Two Fish, German Tennis And Elton John: Gazza's Finest Moments Off The Pitch

Paul Gascoigne, the footballing wizard, turns 53 today
14:17, 27 May 2020

Paul Gascoigne is still perpetually competing for a place on the podium as one of the best English footballers in history. A career that took him from Newcastle, to Tottenham Hotspur, helped bring Italian football to greater attention in England with a stint at Lazio, then returned to Britain for success at Rangers.

The 53-year-old’s sporting attentions weren’t isolated to the beautiful game however, though few have ever illuminated it as he did so beautifully and, fundamentally, with character.


Gazza… And Football

Gazza's iconic 'dentist chair' celebration at Euro '96 vs Scotland
Gazza's iconic 'dentist chair' celebration at Euro '96 vs Scotland

Five years before he became the nation’s sweetheart at Italia 90, and well before the sublime set-piece for Spurs against Arsenal, and over a decade ahead of the greatest goal ever scored by an England international when Scotland was the unwilling victim, Gascoigne was the star of the 1985 Newcastle United Youth Cup-winning team leading him to become part of manager Jack Charlton’s first-team plans for the Toon.

A goalless stalemate in the first leg with Watford was followed by a Friday evening kick-off at Vicarage Road. Gascoigne shone with a spectacular 30-yard strike as the Magpies ran out 4-1 winners to claim the Cup for the second time in their history. Best to come was in the aftermath and in the midst of celebrations when Gazza unexpectedly had the chance to meet the Watford chairman.

“I remember sitting in the bath and Elton John walking in to congratulate us,” Gascoigne later recalled, “I was bollock naked singing ‘Elton, Elton, give us a song.’” Fitting, seeing as earlier in the day Gascoigne had provided his own rocket, man.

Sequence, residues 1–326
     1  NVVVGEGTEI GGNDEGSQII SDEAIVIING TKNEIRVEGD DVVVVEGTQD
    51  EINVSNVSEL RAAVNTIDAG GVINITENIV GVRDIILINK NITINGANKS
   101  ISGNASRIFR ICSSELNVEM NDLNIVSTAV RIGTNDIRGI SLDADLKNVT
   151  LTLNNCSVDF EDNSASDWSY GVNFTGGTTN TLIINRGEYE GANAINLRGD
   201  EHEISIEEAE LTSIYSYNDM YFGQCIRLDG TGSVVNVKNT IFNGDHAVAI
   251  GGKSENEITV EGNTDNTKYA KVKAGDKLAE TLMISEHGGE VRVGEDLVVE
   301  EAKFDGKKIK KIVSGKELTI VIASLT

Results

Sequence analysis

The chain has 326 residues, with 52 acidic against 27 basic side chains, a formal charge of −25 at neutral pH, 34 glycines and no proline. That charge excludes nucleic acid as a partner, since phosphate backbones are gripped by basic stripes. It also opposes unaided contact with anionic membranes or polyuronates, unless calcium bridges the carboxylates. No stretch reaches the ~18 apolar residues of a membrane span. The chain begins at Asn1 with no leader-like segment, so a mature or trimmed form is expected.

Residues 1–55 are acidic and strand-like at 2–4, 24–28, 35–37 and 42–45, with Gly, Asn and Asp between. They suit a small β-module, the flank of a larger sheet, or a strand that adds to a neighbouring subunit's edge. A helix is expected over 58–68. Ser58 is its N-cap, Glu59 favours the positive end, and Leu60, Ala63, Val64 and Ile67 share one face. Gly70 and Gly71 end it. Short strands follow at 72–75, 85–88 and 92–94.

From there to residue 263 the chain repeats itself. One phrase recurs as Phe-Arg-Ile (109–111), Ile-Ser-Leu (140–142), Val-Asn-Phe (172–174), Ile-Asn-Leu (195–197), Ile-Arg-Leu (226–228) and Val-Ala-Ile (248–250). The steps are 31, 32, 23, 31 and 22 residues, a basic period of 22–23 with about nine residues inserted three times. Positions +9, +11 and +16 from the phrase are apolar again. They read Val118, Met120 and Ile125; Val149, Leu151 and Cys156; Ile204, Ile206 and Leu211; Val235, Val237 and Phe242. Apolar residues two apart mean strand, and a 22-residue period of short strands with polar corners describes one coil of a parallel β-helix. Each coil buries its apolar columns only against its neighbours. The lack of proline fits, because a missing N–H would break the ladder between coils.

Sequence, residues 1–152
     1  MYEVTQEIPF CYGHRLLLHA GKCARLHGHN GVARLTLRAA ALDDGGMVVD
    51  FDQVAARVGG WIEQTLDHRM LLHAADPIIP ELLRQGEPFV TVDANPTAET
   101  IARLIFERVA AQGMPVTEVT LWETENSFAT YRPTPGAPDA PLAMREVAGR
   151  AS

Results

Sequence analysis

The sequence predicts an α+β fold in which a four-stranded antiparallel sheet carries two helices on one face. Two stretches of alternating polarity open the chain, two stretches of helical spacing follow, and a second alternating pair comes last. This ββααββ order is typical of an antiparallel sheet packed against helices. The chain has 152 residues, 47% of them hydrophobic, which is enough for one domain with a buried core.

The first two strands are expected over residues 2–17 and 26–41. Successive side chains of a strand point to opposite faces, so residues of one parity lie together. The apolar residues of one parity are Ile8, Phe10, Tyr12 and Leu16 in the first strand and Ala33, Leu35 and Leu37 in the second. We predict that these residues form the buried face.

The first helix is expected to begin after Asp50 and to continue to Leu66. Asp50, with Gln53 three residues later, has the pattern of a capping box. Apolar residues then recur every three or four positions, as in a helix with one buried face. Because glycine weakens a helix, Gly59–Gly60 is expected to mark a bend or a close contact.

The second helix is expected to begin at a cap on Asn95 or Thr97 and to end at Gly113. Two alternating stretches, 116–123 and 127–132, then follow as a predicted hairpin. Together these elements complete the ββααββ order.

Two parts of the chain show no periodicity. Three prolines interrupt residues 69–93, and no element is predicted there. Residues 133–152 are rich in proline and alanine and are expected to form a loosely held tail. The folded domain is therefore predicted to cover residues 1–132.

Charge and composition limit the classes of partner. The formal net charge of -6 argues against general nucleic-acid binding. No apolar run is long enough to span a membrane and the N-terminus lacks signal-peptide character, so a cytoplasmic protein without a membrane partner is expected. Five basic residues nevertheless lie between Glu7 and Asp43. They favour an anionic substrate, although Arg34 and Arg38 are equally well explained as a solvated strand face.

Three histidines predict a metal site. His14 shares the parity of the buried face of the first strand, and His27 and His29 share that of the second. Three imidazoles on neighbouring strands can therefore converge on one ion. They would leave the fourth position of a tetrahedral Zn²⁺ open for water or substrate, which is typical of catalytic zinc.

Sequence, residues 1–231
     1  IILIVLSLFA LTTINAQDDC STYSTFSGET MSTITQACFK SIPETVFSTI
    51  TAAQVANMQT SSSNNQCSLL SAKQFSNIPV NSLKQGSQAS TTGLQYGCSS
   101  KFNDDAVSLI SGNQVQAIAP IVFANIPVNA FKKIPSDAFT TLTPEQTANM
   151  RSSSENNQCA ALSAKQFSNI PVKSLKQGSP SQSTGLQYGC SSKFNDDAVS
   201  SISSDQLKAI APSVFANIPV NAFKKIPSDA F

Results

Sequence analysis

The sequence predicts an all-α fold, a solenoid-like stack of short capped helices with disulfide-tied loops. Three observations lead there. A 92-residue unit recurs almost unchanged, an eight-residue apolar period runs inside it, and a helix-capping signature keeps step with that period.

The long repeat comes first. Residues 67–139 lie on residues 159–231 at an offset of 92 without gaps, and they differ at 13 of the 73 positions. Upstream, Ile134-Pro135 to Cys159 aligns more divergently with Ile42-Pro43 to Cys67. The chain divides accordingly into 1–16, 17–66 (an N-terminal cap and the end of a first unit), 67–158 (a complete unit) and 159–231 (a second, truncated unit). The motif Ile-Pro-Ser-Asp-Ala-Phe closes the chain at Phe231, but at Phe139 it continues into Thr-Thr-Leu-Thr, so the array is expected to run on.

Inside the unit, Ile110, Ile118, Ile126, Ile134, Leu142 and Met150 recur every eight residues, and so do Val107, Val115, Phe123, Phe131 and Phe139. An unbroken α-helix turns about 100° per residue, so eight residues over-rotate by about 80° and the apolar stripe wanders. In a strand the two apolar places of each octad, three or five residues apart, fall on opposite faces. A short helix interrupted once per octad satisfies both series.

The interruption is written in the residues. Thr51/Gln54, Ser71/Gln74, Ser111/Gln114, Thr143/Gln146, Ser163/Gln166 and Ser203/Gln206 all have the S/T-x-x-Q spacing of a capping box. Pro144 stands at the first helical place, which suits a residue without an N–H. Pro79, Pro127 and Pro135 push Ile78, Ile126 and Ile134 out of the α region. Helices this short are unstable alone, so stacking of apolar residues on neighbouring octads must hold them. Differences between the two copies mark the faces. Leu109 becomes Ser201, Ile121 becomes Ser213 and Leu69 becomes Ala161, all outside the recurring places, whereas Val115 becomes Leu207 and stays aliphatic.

Gascoigne… And Tennis

There were three days, three nights between England being taken to extra-time by Cameroon in the Quarter-Finals of Italia 90 and the Three Lions’ last hurdle of West Germany needed to get to the Final.

The notoriously restless Gascoigne couldn’t cope with the anticipation. The night before the Semi-Final, the opportunity for an England side to get within touching distance of the most coveted trophy in football for the first time in a quarter of a century, sleep wasn’t possible. Gascoigne had a method for distraction, trading his weapon of a right-foot for a racquet.

“Before we played the World Cup semi-final, he was playing tennis with some German tourists on the court - and had to be dragged off by Bobby Robson,” said Gary Lineker (FourFourTwo).

Gascoigne had done the same before England’s Last 16 clash with Belgium, a crucial game for progression, by taking on an American couple staying in his hotel on the court. When confronted by his coach Robson, Gascoigne refused to concede, proclaiming that he was ‘On the verge of winning!' to which his gaffer could only instruct him to ‘just finish up quickly and get to bed.'

“None of the lads could believe it when they found out at our team meal before the semi,” disclosed England teammate Tony Dorigo to The Yorkshire Post, “The funny thing is Gazza was playing a German fan. The manager was not happy.

“But that was Gazza’s way of keeping busy and, looking at how he performed against the Germans, it certainly worked. He was superb that night.”